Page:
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CRTC Utilizes CASL for Assisting Law Enforcement in Disrupting Cyber Attacks

The federal telecommunications and broadcast regulator of Canada, CRTC has said that it used its official empowerment, like never before, within the purview of fresh anti-spam law for assisting agencies of law enforcement globally so cyber assaults could be effectively disrupted, published business.financialpost.com dated December 3, 2015.

According to CRTC (Canadian Radio-Television and Telecommunications Commission) through one news release, the agency working in an integrated way with the Interpol, the Federal Bureau of Investigation, Public Safety Canada and Royal Canadian Mounted Police, released an order for shutting down a Toronto situated command-and-control (C&C) infrastructure.

The regulator stated that its instruction of terminating the infrastructure halted malicious software namely Win32/Dorkbot from spreading typically through social networks, instant messaging software and flash drives.

According to CRTC, when a PC is hijacked, the malware would instruct the system to seize passwords employed to perform Internet banking as well as payments; take down and plant destructive malicious program; or become part of other contaminated PCs programmed for dispatching several requests onto one particular server so its ability to respond is overwhelmed an operation called distributed denial-of-service (DDoS) assault.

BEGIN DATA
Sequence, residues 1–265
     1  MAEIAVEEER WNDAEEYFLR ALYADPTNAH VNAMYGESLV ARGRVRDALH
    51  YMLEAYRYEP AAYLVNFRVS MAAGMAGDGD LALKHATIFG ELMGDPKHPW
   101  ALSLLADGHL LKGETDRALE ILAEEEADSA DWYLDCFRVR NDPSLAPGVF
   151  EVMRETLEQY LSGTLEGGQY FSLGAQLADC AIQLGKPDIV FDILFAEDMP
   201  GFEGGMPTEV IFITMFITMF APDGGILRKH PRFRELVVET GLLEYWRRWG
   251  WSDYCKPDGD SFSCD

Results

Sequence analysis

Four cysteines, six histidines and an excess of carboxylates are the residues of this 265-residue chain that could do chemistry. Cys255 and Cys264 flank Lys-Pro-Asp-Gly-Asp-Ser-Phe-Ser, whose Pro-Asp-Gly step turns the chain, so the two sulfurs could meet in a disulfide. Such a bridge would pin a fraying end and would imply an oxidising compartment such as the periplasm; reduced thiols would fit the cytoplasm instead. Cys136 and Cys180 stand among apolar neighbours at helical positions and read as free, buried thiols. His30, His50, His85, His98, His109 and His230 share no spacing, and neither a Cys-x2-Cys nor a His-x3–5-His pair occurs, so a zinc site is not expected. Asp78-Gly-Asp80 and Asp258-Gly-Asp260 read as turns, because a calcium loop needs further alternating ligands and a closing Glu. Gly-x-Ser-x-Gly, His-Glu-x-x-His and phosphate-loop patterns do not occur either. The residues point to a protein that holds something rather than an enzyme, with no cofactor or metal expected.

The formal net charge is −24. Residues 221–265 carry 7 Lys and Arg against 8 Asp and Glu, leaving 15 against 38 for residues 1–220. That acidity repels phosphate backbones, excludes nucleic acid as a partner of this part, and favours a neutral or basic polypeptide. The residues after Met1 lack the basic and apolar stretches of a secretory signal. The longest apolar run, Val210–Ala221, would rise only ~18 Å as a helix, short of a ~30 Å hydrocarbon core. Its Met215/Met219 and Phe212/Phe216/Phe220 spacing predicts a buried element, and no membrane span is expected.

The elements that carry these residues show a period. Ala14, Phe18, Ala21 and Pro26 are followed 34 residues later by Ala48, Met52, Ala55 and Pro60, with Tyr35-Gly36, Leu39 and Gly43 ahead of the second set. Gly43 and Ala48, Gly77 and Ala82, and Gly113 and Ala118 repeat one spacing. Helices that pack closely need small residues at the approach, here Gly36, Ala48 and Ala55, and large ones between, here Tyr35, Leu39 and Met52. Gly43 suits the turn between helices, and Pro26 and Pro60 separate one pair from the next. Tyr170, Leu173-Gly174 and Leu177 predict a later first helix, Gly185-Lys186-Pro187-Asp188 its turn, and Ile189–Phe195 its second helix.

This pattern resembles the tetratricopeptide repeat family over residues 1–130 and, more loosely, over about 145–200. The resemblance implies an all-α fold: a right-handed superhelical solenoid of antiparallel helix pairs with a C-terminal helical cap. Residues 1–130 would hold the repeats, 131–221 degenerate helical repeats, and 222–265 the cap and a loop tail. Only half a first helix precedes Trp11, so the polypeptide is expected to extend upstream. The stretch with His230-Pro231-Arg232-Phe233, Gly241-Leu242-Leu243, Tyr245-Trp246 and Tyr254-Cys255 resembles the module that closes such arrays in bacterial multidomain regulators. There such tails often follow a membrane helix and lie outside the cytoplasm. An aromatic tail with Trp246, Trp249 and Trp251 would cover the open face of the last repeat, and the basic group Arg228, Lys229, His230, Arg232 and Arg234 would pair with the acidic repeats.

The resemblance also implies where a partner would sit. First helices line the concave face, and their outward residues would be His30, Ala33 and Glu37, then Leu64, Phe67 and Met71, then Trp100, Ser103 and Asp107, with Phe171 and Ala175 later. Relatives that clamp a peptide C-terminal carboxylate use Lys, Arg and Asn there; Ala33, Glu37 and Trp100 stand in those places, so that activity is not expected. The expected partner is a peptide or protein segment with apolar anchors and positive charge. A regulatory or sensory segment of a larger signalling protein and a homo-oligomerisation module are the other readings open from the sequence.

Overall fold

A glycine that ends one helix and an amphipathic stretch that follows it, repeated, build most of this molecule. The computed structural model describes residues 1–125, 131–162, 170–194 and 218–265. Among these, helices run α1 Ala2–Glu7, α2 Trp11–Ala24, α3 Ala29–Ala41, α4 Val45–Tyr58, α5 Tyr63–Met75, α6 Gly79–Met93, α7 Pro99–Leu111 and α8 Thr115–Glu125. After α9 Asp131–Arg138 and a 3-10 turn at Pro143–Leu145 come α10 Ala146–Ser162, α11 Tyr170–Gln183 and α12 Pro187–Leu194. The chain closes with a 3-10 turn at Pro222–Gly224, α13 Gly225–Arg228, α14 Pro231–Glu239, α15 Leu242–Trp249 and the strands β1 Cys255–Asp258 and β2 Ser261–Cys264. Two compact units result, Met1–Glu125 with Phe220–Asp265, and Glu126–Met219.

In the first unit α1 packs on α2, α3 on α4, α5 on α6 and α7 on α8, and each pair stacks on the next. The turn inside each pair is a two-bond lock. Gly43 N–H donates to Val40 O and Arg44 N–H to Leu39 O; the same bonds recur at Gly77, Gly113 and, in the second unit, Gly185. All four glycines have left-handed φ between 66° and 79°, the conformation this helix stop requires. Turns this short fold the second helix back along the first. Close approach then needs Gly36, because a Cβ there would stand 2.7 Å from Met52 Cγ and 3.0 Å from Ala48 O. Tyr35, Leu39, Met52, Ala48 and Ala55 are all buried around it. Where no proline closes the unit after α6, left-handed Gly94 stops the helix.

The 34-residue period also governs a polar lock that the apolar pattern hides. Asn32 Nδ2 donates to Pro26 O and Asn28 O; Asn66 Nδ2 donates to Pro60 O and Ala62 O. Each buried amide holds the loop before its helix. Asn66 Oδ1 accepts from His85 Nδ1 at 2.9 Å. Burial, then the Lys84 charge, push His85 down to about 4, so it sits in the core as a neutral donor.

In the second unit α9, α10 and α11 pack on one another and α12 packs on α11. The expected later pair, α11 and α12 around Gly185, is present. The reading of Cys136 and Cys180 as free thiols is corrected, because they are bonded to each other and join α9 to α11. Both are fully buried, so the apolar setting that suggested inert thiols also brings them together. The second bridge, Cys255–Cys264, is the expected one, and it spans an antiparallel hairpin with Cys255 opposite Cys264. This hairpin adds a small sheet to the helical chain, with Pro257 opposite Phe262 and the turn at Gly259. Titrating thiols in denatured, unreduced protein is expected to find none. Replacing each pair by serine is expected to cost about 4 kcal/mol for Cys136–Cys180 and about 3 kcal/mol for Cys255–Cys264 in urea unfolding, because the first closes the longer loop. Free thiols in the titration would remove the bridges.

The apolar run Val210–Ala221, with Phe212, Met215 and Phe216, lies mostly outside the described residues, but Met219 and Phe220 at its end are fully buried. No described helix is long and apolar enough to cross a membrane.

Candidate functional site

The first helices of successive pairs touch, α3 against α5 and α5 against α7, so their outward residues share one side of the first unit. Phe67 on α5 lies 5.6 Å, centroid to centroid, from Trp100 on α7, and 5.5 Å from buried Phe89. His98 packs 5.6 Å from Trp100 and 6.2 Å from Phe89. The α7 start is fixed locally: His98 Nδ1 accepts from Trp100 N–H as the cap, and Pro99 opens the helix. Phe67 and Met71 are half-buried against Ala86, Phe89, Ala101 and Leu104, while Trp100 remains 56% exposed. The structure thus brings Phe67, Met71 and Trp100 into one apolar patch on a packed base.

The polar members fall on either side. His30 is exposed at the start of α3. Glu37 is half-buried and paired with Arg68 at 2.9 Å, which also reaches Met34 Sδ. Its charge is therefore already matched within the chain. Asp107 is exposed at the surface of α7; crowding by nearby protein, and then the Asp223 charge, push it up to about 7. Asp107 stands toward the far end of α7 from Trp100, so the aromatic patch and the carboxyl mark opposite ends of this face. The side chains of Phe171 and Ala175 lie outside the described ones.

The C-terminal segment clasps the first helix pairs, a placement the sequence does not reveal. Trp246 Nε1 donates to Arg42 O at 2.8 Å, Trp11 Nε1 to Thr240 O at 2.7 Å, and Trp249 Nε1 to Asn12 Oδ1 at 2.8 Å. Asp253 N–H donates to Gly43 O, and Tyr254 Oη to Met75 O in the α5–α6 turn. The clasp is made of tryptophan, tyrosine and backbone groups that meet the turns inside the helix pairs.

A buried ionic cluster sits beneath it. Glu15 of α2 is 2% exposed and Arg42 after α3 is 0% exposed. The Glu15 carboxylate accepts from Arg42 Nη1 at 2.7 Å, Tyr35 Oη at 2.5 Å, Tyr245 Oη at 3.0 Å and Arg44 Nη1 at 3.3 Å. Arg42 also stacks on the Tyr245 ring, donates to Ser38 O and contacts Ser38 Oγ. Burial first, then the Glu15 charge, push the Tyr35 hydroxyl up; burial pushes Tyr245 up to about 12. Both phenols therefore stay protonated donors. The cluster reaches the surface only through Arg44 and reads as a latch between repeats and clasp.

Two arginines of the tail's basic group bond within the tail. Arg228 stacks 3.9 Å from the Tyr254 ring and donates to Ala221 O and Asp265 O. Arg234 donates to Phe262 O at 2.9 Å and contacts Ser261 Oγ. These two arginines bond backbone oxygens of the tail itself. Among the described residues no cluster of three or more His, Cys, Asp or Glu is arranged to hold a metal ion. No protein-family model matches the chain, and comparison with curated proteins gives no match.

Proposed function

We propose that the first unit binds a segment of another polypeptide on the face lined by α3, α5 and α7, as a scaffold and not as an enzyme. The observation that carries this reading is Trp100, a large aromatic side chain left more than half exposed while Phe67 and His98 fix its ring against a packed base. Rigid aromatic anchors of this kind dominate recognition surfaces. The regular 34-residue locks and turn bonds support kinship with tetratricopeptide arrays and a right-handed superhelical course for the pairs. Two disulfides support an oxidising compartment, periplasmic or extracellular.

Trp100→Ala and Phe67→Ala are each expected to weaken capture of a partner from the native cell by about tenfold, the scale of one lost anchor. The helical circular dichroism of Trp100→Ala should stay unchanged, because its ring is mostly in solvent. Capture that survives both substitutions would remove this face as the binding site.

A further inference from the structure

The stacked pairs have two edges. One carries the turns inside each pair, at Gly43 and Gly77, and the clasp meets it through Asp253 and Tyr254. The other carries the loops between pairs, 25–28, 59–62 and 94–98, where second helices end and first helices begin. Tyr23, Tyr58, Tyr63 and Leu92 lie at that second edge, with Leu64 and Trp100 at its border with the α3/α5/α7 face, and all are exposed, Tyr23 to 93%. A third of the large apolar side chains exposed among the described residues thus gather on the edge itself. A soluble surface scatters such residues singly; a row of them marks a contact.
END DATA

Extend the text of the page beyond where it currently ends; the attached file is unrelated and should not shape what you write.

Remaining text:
CRTC stated that the names of companies and individuals wouldn't yet be told which were undergoing investigation pertaining to the order.

According to Manon Bombardier Chief Compliance and Enforcement Officer of CRTC through one news release, the botnets leveraging DDoS attacks were extremely egregious which were utilized for illicit operations that could result in ID-theft and fraud. Canadianbusiness.com reported this dated December 3, 2015.

Meanwhile, since the activation of Canada's anti-spam law during July 2014, several organizations complied with non-violation of the CASL (Canadian Anti-Spam Law). But a few who delayed in complying, like Rogers Media Inc. in the latest instance, had to pay $200,000 towards resolving its apparent infringements upon CASL sometime during the middle of November 2015.

When Bombardier launched an investigation into Rogers Media case, it was alleged that the company did not imbibe the law fully during the period July 2014-July 2015. For, it seemingly distributed commercial e-mails that didn't have a properly functioning 'unsubscribe' mechanism alternatively recipients couldn't readily use it.

» SPAMfighter News - 12/11/2015

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